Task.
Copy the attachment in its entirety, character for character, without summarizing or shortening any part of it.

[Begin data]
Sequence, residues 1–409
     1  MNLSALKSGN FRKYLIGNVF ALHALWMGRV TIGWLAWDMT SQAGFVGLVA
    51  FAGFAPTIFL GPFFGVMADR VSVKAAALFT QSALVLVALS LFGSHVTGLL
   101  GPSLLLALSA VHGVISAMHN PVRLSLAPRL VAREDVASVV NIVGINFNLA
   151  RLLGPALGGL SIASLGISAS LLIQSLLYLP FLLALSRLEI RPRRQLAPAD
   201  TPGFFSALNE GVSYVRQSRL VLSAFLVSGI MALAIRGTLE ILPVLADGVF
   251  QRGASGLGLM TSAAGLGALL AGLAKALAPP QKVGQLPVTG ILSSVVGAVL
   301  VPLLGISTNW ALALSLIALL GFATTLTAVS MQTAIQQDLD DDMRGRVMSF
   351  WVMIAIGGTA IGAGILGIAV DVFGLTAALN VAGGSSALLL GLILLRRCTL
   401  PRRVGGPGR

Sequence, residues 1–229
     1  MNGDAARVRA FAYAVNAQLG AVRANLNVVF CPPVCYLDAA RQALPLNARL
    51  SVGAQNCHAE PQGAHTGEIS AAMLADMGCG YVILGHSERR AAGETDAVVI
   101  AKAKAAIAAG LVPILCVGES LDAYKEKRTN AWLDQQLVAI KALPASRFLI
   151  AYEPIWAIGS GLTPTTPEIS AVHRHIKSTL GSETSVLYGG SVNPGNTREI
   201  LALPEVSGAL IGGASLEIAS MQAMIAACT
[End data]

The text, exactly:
Sequence, residues 1–409
     1  MNLSALKSGN FRKYLIGNVF ALHALWMGRV TIGWLAWDMT SQAGFVGLVA
    51  FAGFAPTIFL GPFFGVMADR VSVKAAALFT QSALVLVALS LFGSHVTGLL
   101  GPSLLLALSA VHGVISAMHN PVRLSLAPRL VAREDVASVV NIVGINFNLA
   151  RLLGPALGGL SIASLGISAS LLIQSLLYLP FLLALSRLEI RPRRQLAPAD
   201  TPGFFSALNE GVSYVRQSRL VLSAFLVSGI MALAIRGTLE ILPVLADGVF
   251  QRGASGLGLM TSAAGLGALL AGLAKALAPP QKVGQLPVTG ILSSVVGAVL
   301  VPLLGISTNW ALALSLIALL GFATTLTAVS MQTAIQQDLD DDMRGRVMSF
   351  WVMIAIGGTA IGAGILGIAV DVFGLTAALN VAGGSSALLL GLILLRRCTL
   401  PRRVGGPGR

Sequence, residues 1–229
     1  MNGDAARVRA FAYAVNAQLG AVRANLNVVF CPPVCYLDAA RQALPLNARL
    51  SVGAQNCHAE PQGAHTGEIS AAMLADMGCG YVILGHSERR AAGETDAVVI
   101  AKAKAAIAAG LVPILCVGES LDAYKEKRTN AWLDQQLVAI KALPASRFLI
   151  AYEPIWAIGS GLTPTTPEIS AVHRHIKSTL GSETSVLYGG SVNPGNTREI
   201  LALPEVSGAL IGGASLEIAS MQAMIAACT